How was your week

Posted: July 23, 2022 by Sports Time Radio in sports

With the emphasis being put on offense in Major League Baseball we frequently see teams reach double digits in runs scored. Just last night there were three teams that hit that mark. The Chicago Cubs put up 15 runs while the Arizona Diamondbacks scored 10 runs in their game last night, but there was one team that went above and beyond those two teams.

Last night in Fenway Park the Toronto Blue Jays scored 28 runs in their game against the Boston Red Sox.

The Blue Jays scored at least one run in seven of the games nine innings including putting up 11 runs in the Top of the 5th inning.

Every Blue Jays player who started the game scored at least two runs and Santiago Espinal and Danny Jansen each scored four times. Jansen was also one of four Toronto players who homered in the game, and he did it twice.

Every Toronto player that started recorded at least two hits and Lourdes Gurriel Jr. tied a Blue Jays record by recording six hits in the game. As a team the Blue Jays recorded 29 hits.

Nathan Eovaldi made the start for the Red Sox last night. Eovaldi pitched 2 2/3rds innings giving up 8 hits and 9 runs while walking 2 and striking out 3. Eovaldi was tagged with the loss in the game as well. Austin Davis, Kaleb Ort, Darwinzon Hernandez and Jake Diekman followed Eovaldi to the mound before utility infielder Yolmer Sanchez came in to pitch the 9th inning. Out of the five actually pitchers the Red Sox used last night Diekman was the only one that didn’t allow a run.

Now in the end it’s just one game of a 162-game season, but the fact that the Blue Jays scored 28 runs made the game different for most. I’d be very surprised if we see another team put up that many runs in a game the remainder of this season.

The Red Sox will look to bounce back in Game 2 of the series this afternoon. Kutter Crawford gets the start for Boston. Crawford is 2-2 with a 4.50 ERA in 13 games four of which have been starts. While All-Star Alek Manoah will make the start for the Blue Jays. Manoah is 10-4 with an ERA of 2.28 in 18 starts.

These two teams wrap up their three-game series on Sunday.

Is there a rule in Major League baseball that when you show Los Angeles Angels highlights especially when they involve Shohei Ohtani that you’re not allowed to say anything bad about him?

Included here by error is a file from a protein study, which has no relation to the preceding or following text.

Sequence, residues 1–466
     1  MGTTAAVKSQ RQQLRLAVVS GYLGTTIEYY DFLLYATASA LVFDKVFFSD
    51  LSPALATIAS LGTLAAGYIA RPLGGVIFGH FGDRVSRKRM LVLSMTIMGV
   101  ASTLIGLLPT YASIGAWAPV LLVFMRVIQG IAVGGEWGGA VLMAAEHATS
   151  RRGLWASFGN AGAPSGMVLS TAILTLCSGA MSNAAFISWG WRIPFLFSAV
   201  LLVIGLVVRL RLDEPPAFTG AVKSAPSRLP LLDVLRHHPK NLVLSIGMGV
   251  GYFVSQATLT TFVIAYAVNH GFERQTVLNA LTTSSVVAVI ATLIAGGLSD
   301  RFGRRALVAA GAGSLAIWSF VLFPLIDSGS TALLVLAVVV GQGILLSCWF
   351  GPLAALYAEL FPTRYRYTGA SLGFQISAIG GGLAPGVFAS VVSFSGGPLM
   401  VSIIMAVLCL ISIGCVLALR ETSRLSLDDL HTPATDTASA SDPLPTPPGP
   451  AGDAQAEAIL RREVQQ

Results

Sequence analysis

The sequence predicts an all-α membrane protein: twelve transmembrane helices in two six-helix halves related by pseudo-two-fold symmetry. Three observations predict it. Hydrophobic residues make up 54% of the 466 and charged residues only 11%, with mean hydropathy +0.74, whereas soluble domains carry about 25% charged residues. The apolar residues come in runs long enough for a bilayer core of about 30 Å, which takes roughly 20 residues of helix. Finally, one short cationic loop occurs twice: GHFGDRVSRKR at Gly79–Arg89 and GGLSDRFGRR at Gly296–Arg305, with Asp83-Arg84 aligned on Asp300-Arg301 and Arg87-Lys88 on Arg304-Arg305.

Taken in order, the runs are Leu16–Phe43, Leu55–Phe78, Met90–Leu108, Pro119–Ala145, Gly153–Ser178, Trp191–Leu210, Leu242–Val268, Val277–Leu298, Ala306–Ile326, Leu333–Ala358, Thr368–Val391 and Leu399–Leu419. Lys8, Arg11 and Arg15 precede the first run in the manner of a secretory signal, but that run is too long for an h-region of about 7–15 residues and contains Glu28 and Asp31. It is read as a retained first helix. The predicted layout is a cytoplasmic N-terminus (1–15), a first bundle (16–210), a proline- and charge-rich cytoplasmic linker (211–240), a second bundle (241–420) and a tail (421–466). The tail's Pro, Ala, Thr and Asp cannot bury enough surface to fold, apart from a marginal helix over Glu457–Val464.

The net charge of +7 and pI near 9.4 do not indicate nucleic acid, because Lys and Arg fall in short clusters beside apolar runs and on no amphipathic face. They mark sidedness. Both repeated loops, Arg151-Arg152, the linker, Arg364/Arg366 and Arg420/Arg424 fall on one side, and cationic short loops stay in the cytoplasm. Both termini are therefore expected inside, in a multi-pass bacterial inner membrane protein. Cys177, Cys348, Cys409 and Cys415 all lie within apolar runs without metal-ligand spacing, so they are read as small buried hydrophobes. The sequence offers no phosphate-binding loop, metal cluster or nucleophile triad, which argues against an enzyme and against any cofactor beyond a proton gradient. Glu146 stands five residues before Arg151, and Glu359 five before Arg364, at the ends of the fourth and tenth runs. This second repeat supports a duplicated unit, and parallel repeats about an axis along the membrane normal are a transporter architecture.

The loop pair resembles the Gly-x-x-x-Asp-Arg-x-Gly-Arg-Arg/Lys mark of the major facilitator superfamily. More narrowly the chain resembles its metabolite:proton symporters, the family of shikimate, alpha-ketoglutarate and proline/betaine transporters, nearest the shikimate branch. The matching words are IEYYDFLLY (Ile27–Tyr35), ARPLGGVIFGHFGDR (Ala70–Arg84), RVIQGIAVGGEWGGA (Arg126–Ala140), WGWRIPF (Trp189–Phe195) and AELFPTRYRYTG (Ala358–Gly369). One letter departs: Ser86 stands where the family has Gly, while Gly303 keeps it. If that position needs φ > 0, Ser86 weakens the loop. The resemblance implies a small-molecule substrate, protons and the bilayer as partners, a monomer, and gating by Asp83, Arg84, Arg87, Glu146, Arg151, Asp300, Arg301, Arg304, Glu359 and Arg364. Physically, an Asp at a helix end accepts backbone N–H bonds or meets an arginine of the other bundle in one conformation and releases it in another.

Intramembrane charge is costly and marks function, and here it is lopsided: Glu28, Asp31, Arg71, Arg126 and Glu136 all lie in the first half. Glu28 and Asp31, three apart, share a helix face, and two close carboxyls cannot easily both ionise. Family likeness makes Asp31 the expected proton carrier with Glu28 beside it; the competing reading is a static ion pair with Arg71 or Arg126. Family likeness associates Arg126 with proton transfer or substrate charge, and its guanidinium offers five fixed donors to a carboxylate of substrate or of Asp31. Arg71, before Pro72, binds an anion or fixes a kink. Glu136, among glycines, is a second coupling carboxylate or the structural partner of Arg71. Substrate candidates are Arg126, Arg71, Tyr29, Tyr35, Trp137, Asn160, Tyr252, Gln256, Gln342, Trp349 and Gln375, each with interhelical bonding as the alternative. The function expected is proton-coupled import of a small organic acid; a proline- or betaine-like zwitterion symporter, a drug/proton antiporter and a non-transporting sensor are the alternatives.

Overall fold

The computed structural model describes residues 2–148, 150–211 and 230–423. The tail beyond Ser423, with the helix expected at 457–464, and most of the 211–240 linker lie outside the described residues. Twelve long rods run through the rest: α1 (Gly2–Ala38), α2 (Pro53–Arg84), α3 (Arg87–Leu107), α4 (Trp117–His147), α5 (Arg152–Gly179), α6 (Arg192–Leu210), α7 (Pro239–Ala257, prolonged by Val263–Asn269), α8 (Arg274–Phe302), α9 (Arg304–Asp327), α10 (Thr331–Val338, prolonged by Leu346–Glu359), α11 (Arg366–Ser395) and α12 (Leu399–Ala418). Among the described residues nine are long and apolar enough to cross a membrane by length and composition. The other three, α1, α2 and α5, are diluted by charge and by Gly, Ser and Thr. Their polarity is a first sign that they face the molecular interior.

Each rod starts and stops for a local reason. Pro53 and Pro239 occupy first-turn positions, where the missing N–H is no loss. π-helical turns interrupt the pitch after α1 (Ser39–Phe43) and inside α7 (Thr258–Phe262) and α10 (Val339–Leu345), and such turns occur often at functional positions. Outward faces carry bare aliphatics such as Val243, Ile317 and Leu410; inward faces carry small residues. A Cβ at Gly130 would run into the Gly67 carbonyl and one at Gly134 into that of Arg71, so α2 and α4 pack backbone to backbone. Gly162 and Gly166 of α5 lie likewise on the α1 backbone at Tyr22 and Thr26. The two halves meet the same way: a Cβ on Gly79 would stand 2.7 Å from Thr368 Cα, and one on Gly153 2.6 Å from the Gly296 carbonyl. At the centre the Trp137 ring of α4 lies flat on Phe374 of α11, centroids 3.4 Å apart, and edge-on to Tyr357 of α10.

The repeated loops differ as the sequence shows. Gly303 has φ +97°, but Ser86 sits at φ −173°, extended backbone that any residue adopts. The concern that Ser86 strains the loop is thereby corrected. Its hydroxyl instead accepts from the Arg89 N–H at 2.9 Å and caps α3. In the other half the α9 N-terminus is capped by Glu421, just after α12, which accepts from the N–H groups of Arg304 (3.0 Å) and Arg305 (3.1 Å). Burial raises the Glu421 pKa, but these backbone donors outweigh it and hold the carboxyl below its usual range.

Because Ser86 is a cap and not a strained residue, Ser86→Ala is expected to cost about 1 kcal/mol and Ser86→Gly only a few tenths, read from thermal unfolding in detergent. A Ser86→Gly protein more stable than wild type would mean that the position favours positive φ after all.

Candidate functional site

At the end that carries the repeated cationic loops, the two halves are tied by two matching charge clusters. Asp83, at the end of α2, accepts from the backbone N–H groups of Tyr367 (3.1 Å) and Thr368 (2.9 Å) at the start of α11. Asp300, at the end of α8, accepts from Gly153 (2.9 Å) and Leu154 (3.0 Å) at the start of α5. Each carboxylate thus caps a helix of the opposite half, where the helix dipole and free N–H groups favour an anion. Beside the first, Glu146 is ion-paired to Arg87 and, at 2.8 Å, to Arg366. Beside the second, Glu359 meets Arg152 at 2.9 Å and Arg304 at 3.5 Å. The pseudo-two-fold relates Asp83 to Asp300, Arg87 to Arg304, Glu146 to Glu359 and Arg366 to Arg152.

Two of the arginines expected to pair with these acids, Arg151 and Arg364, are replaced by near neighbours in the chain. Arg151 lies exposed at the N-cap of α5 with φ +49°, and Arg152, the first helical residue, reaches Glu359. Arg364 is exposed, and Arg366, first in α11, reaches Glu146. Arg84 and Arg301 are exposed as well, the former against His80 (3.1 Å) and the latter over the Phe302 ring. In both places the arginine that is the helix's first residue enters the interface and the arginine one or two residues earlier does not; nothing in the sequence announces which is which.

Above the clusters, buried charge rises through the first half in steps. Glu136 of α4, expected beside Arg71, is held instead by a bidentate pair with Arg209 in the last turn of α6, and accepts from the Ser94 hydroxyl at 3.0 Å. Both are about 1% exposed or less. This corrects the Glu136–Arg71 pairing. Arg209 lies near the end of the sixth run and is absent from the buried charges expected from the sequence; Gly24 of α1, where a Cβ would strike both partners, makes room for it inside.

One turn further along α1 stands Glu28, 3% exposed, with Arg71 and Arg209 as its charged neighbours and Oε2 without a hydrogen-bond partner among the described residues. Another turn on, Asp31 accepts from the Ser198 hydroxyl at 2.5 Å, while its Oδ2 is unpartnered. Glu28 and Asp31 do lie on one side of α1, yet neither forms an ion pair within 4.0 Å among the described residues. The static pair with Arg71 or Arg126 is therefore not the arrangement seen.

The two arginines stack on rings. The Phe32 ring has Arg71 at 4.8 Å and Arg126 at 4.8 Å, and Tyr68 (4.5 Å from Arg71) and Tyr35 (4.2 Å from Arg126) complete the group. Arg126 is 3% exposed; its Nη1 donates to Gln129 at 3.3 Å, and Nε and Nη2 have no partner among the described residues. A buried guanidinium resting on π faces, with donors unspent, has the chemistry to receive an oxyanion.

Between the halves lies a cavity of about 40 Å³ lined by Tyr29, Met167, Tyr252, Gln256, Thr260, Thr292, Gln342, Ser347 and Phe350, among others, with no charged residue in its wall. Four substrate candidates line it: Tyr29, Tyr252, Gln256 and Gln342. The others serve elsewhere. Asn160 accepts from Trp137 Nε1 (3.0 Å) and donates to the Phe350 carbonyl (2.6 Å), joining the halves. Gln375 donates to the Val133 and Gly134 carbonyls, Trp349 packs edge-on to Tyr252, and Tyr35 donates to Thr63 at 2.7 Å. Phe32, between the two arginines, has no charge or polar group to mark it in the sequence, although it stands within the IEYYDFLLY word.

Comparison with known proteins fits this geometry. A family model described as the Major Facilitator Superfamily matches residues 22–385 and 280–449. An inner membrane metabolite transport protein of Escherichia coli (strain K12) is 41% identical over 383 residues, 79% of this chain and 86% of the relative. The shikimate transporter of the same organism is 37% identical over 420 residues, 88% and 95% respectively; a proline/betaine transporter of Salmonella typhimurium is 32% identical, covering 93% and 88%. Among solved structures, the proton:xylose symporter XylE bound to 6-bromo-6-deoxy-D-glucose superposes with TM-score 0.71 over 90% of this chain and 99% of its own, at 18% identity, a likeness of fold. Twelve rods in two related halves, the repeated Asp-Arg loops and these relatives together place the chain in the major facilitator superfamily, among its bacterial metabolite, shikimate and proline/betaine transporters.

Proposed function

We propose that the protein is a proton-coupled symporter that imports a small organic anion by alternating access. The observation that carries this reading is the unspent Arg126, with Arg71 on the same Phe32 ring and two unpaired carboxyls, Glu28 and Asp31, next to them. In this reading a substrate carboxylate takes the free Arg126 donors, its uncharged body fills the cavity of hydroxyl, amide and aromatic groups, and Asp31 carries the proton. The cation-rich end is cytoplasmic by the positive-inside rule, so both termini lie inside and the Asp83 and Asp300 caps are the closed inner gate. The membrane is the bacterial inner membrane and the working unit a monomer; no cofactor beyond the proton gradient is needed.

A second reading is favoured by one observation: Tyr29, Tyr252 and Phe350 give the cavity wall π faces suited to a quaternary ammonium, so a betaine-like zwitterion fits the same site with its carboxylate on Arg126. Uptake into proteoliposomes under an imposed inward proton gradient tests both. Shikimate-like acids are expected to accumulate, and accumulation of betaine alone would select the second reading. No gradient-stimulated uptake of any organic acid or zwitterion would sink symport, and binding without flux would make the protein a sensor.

I managed to catch the highlights of Otani’s start against the Atlanta Braves last night and they led with the fact that Ohtani struck out 10 or more batters in his fifth consecutive start. Oddly as the highlight was moving along, they seemed to wait as long as they possibly could before they mentioned that he took the loss and gave up six runs.

The Braves are the defending World Series champions and have a record of 57-38 this season. Atlanta has won seven of their last ten games and find themselves just a 1 1/2 behind the New York Mets for 1st place in the National League East, so it’s not a huge surprise when a pitcher has a rough outing against them.

It just seemed very strange to me that the highlights on the MLB Network seemed to not want to say that Ohtani gave up runs in his start last night. He’s pitched very well for a team that has been a disappointment this season. Even with the loss Ohtani has a record of 9-5 with an ERA of 2.80 in his 16 starts this season. Ohtani is racking up the strikeouts as he has fanned 134 batters in his 16 starts and has a Strikeout per 9 inning rate of 12.9. Ohtani ranks 6th in strikeouts overall and he is .02 percentage points ahead of Dylan Cease of the Chicago White Sox as the Strikeouts per 9 innings leader in all of baseball.

As always don’t forget to look me up on Twitter @Burketime.

Comments
  1. I did notice once glaring thing between the Chicago Cub and Toronto Blue Jay romps last night. Both of their opponents botched easy plays that opened the flood gates to hugh run scoring innings. In the Cubs game, it was when Philadelphia misplayed a Morel double into a little league home run. And a Boston outfielder lost a fly ball in the lights which led to an inside the park home run. (Even after the batter dropped his bat in disgust and loafed to first base!)

    Like

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